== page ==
Nat's Fiddlehead Fig Tree Joins The Container Diary - February 2022

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My reasons for keeping my own [garden diary] are the usual ones:  get smarter (make better choices) and to document changes over time (appreciate wins/losses).  I've taken that same approach to some of our indoor house plants .  I'm interested in understanding what they look like during different seasons - seeing if they're growing, if they're in trouble, etc.  That's covered my Staghorn Fern , my Standing Mickey Topiary and even one of our umbrella plants . Just this past week, I documented my re-soil'ing of my Maidenhair Fern .  But, I haven't tracked - via my [ container diary ] the largest houseplant we have:  Nat's Fiddlehead Fig Tree.  I don't exactly know how long we've had it, but I know it was introduced in our new house - at some point.  It sits in a room that has southern exposure and has just grown and grown.  This isn't a plant that I tend to - at all.  This one is all Nat.  She waters it.  Feeds it.  Cleans it.  Turns it.    Al

Frans Fontaine Hornbeam Trees - Fourth Growing Season Summer Update - August 2021

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A few days ago, I received a new comment from a reader of my garden diary on this post all the way back in late May 2018 titled: " Frans Fontaine Hornbeam Planted - Hedgerow Spring 2018 ".  That post shows the eight columnar European Hornbeam trees that had been delivered and were being planted in our back and side yard to create (at that time, what I hoped to be) a privacy screen.  The comment - from JennyW - is here below: I've talked this before, but I write this daily online diary because I get joy out of doing it. I don't run advertisements.  I don't run sponsored content.  I also write for a pretty narrow audience - mostly myself.  I also look at the analytics data and know that there are really three audiences - in declining size order:   1.  The largest part of the audience: (mostly) one-time search readers (they search for something, click on the link and end up at my blog).   2.  Second biggest audience:  Referral.  This means that people are reading so

Late Summer Growth on Bald Cypress Tree - September 2020

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Yesterday, I posted a couple of photos showing off some late Summer growth on our Dawn Redwood and today, wanted to add an entry to my Garden Diary showing off some similar growth on our *other* deciduous conifer:  the Bald Cypress in our front yard.  The last time that I posted about this tree was earlier this in January when it was showing some buds on the tree . Similar to the Dawn Redwood, I haven't totally baby'd this tree, but have done some hand watering around the mulch ring.   This tree is 'downhill' from one of our gutter pop-ups, so whatever rain we *do* get, this tree gets some benefit.  I also tried to break up the "clay bowl" prior to planning this tree back in 2018 .  The needles on this tree - at this point in the Summer - aren't a bright, vibrant green, but this new growth (on the tips) is providing a nice pop of color. This tree is planted pretty close to the north property line - between our driveway and the new construction site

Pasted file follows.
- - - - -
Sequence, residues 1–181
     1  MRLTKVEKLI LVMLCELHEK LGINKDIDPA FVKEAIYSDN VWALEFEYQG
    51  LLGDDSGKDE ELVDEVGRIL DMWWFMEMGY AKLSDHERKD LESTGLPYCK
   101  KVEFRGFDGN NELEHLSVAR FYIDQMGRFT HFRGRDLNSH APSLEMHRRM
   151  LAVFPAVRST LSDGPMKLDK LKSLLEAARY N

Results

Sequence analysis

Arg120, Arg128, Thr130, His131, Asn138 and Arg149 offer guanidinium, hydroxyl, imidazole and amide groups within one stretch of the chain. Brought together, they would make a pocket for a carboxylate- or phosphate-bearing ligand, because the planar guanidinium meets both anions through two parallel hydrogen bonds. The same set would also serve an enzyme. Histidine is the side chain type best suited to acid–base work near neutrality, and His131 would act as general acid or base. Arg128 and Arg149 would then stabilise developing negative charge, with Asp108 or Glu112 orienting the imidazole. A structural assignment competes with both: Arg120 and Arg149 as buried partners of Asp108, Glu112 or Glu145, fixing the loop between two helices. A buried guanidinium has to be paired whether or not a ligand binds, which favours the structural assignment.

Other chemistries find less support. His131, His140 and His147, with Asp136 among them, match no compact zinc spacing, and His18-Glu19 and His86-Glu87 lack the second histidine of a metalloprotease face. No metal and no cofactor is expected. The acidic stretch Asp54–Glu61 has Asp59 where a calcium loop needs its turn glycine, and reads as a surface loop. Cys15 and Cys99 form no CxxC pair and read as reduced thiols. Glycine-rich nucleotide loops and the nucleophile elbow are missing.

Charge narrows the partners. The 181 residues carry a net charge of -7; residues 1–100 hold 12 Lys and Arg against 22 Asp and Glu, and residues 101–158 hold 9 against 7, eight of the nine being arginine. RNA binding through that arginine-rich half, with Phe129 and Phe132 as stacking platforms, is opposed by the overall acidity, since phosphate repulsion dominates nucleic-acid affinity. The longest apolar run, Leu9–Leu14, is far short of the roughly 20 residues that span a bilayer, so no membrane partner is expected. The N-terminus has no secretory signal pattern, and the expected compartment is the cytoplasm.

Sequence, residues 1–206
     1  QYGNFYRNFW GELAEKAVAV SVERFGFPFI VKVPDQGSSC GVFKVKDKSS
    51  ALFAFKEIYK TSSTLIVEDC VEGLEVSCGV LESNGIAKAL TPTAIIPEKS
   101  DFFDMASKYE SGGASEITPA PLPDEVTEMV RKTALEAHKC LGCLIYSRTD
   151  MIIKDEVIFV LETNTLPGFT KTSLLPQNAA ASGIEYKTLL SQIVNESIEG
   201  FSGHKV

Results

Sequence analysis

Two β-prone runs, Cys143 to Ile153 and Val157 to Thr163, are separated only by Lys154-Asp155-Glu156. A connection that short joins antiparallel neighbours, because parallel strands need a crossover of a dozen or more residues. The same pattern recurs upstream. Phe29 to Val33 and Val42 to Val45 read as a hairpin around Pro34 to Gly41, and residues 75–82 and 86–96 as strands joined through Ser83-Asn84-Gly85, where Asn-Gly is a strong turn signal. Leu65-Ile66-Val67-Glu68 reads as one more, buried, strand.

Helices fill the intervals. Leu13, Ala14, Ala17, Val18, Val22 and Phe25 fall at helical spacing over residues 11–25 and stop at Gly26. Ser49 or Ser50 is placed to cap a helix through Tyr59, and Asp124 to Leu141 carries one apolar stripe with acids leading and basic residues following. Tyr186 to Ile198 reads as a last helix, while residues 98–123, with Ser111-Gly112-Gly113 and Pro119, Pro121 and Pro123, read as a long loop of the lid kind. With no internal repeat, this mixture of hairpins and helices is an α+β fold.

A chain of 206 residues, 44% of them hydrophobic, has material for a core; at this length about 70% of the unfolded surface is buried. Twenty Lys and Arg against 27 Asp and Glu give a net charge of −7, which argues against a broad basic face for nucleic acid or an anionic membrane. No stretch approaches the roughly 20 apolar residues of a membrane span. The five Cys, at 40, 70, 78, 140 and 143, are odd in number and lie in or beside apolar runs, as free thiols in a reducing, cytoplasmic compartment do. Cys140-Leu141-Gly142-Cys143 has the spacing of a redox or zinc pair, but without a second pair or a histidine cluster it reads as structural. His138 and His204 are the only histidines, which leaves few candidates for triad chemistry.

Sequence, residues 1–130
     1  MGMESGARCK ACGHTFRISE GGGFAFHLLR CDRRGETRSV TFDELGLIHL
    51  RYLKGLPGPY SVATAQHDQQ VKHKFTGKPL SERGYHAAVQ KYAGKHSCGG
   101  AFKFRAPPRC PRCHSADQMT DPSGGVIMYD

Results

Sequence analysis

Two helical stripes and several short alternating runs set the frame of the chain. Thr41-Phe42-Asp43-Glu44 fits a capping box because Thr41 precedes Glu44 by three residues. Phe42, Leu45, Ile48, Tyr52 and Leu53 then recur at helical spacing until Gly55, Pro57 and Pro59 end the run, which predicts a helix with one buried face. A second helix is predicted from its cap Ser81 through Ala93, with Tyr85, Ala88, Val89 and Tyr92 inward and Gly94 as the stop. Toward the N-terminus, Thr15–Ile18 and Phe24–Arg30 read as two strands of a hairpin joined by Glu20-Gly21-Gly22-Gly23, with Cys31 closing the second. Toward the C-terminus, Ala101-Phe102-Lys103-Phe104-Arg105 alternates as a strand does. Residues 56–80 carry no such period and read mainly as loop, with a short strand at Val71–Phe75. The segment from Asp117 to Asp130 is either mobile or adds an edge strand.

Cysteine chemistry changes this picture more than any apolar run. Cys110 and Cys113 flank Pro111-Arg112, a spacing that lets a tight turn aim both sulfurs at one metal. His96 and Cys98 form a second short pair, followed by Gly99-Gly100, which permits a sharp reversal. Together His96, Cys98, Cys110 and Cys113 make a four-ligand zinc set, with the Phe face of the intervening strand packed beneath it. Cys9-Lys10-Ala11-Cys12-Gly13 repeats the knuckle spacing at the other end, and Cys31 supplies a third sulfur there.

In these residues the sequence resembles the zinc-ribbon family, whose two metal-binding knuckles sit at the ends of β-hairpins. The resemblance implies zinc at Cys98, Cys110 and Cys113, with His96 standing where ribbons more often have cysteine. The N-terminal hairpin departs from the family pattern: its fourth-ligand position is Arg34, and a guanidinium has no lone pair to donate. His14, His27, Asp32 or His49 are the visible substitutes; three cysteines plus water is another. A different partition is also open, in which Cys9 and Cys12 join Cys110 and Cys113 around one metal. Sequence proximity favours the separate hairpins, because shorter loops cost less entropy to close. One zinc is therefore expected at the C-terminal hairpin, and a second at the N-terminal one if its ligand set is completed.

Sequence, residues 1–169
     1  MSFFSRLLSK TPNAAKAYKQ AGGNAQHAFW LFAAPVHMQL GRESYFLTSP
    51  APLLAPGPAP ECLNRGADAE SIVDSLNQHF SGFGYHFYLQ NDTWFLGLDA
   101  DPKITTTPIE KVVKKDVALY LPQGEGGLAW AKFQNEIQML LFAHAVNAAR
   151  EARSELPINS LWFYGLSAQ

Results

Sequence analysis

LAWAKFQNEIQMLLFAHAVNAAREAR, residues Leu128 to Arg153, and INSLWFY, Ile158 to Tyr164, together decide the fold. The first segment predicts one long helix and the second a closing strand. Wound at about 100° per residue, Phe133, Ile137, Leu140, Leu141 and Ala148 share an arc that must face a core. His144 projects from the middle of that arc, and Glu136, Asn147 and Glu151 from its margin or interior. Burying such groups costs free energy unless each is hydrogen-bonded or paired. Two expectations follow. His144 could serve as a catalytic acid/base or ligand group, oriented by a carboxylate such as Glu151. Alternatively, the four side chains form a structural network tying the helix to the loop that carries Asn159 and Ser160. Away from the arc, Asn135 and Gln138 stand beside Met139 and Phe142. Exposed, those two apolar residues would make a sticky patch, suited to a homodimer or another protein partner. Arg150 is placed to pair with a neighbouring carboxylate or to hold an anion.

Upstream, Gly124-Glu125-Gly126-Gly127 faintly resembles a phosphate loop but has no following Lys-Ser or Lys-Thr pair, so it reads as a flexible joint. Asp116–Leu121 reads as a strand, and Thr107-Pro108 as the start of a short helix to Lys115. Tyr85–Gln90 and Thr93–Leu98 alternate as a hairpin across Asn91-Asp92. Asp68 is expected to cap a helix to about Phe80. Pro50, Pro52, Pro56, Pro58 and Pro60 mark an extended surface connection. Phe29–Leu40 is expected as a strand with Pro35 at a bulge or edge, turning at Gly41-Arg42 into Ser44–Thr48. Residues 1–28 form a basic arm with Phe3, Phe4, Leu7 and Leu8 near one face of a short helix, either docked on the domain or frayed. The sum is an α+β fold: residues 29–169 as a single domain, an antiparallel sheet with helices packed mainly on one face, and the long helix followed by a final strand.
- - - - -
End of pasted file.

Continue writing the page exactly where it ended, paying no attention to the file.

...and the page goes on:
Late Summer Growth on Dawn Redwood - September 2020

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My history with our Dawn Redwood has been mixed overall, but over the past few years, it seems that things have been going well. Originally planted our first Spring - in 2017 - I over-pruned the tree and didn't baby it enough leading to it only lasting that first season .  By 2018, I had replaced it.  That year, I really tried to pay attention the small, thin tree.  I hand-watered it regularly and we had a little bit of a milder Summer.  And the tree made it through its first year.  By Fall of 2018 - the first full year with the replacement tree - I was seeing Fall growth .  That felt good.  It needle'd-out in the Spring of 2019 and hasn't looked back.  It grew 36" last year .  The last time that I checked in on the tree was earlier this Summer when I found a little bit of new growth on top - gaining even more height.  Today, I'm diary'ing a few photos showing some late Summer growth on the tips.  I've tried to pay a moderate amount of attention

Frans Fontaine Columnar Hornbeam Trees: 750 Days Difference

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Those are four of our eight Carpinus betulus Frans Fontaine Columnar Hornbeam trees as they looked 750 days ago.  This was right after they were planted in the end of May 2018 .  There is a lot to notice in this photo besides the trees.  The cedar fence was still showing some signs of brown in the color.  The mulch is, umm, perfect.  The grass next to the trees seems pretty stressed due to the planting.  Also, at the left of the photo, you can barely make out a tree with a TreeGator watering bag around the trunk.  As for the trees?  Well...they look pretty far spaced apart. This, below, is what these same four (plus the Chanticleer Pear on the left) look like today. There are plenty of things to pick up on in the latest photo, too.  The trees have filled out and are wider and thicker.  They've grown taller, but hard to say how much.  The hostas at their base are all new - compared to their planting day in 2018.  And for an even more nuanced view, here's the &#